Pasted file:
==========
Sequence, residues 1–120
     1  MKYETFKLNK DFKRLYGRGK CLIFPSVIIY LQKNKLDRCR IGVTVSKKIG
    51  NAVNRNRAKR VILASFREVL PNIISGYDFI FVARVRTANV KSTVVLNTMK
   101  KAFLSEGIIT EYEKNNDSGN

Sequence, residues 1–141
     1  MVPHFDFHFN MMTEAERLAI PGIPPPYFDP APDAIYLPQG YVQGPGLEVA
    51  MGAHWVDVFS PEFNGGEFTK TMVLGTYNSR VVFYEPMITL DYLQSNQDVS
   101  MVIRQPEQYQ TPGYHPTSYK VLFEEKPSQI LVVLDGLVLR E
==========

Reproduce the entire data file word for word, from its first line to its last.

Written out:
Sequence, residues 1–120
     1  MKYETFKLNK DFKRLYGRGK CLIFPSVIIY LQKNKLDRCR IGVTVSKKIG
    51  NAVNRNRAKR VILASFREVL PNIISGYDFI FVARVRTANV KSTVVLNTMK
   101  KAFLSEGIIT EYEKNNDSGN

Sequence, residues 1–141
     1  MVPHFDFHFN MMTEAERLAI PGIPPPYFDP APDAIYLPQG YVQGPGLEVA
    51  MGAHWVDVFS PEFNGGEFTK TMVLGTYNSR VVFYEPMITL DYLQSNQDVS
   101  MVIRQPEQYQ TPGYHPTSYK VLFEEKPSQI LVVLDGLVLR E